Military Influence in the Bible

Even a cursory reading of Scripture will reveal numerous references to soldiers, armies, and battles. Of course, just because something is in the Bible does not mean God is endorsing or condoning it (slavery, abuse, legalism, trickery, and countless other immoral practices also appear in Scripture).

Regardless, it is clear that military service is an honored tradition throughout the Bible and is not treated as inherently evil or contrary to the worship of God. In the Old Testament, God often directly commands the Israelites to destroy and wage war against their enemies, and they give glory to the Lord in doing so. It is debatable, of course, if all the blood that David and Samson and others spilled is applicable to followers of Christ in the modern age, but nevertheless these heroes of ancient Israel are never condemned for their actions as warriors – only for their transgressions against God’s commands.

Even if you discount the many Old Testament figures who actively fought in wars and dismiss their situation as different from our own, the New Testament borrows heavily from Roman and Greek military frameworks to demonstrate a model of proper Christian living. Discipline, teamwork, willingness to sacrifice oneself, braving battles, and preparing oneself with armor and weaponry (physically and spiritually) are just some of the examples that Jesus and the apostles use to paint a picture of how we are to behave.

Perhaps the clearest verse in Scripture on this matter comes from Paul in Romans 13:3-4, where he explains that authorities and soldiers have a right to use force for good and to keep peace:

“For rulers hold no terror for those who do right, but for those who do wrong. Do you want to be free from fear of the one in authority? Then do what is right and you will be commended.

“For the one in authority is God’s servant for your good. But if you do wrong, be afraid, for rulers do not bear the sword for no reason. They are God’s servants, agents of wrath to bring punishment on the wrongdoer.”

At the very least, one has to conclude that serving as a soldier in and of itself is not evil, and is in fact even laudable or heroic. Justice in this world may not be perfect, but all of the material of the New Testament seems to agree that there is a place for just violence and for proper military action, especially in defense of the innocent.

Serving the Government

Another well-known passage on this topic occurs in Matthew 22:15-21, when Jesus tells His audience to give unto Caesar what is Caesar’s – in that instance, referring specifically to taxes and Roman currency.

Titus 3:1, Romans 13:1, and 1 Peter 2:13-17, among other passages, remind us to live within the law of the land, as God has allowed authorities to have their earthly rule. However, Acts 5:29, Isaiah 10:1-2, and Daniel 1:8, among many other examples, demonstrate that we are to obey the Lord over unjust laws. There is, therefore, clearly an area of concern where government service and obedience to the law are against God’s Word.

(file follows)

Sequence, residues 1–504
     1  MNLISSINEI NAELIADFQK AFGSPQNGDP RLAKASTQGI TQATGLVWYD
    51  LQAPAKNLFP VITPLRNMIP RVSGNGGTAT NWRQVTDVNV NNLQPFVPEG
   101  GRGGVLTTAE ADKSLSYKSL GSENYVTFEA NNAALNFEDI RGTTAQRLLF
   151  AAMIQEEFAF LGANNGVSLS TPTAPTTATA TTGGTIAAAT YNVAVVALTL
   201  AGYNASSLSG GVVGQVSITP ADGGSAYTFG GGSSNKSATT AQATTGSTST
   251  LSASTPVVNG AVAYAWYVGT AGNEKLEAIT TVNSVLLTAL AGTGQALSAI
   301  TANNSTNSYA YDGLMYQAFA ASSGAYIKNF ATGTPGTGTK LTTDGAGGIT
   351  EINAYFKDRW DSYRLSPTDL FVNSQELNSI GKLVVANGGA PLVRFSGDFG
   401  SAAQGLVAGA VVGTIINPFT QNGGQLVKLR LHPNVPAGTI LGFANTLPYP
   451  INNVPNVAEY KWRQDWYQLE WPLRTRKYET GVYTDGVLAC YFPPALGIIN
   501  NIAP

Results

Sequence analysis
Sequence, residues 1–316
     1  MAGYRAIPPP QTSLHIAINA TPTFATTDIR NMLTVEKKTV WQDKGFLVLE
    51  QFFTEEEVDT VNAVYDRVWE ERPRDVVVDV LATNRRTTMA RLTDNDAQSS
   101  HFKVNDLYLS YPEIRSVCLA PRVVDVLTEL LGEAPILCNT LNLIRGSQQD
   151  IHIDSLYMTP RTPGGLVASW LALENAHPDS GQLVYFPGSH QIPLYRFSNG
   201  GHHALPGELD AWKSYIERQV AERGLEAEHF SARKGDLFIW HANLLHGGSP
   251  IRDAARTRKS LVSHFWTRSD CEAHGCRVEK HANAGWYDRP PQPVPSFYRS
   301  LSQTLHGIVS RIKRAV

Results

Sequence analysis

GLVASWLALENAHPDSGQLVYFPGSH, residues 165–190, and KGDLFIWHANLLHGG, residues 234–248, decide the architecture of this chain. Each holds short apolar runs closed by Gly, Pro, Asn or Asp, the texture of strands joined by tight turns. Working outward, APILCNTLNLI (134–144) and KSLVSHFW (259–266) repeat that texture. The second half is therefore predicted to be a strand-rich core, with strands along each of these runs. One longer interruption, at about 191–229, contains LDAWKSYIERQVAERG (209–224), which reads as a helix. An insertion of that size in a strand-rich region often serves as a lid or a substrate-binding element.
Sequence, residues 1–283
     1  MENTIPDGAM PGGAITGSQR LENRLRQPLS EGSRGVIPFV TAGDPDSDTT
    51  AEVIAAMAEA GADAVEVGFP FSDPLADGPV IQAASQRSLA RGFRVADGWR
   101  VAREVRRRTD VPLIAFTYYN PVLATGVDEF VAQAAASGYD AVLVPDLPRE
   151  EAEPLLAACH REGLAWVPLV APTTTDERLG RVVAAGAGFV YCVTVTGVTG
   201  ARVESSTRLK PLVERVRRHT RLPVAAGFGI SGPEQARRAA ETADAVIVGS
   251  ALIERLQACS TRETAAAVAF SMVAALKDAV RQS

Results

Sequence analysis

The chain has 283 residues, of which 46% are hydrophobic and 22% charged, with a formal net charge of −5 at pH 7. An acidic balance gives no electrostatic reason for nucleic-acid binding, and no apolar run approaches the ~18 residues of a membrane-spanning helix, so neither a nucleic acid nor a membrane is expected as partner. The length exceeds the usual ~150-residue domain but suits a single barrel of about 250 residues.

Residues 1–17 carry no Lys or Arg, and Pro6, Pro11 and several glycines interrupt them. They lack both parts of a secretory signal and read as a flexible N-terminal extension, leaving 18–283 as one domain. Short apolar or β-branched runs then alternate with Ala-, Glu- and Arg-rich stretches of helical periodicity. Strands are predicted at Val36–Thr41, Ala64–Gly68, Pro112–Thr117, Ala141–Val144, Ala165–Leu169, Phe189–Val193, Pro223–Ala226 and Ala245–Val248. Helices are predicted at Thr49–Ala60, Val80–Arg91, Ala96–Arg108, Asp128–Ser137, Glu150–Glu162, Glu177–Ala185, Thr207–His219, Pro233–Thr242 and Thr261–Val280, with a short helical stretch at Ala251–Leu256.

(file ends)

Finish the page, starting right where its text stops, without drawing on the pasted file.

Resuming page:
One can argue that not every government is righteous, which is undeniably true. Even the US, which has historically been a relatively just nation in comparison to many other world powers, has committed many atrocities. The US Army itself perpetrated many of them. Does that mean all soldiers who served during those atrocities bear the guilt of serving an evil nation? Does service to a secular force like a nation’s military have an ethical limit? What should a citizen or a government employee do when his or her nation’s laws contradict the Bible?

These are not easy questions to answer. There is a huge difference between seeking violence and being capable of defending your home or your nation from aggressors. Like many moral quandaries, they often come down to very specific situations where the individual must pray, use discernment, and listen to the Holy Spirit.

To learn more about the Bible and how Christians should navigate living in a fallen world, check out some of the online Bible studies at International School of the Word. Consider starting with our course, The Influence of the Bible where David Barton, founder and president of WallBuilders explores the influence of the Bible on the development of our nation. Visit today to get started on an affordable online biblical education!

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Matthew Herr
ISOW, Staff Writer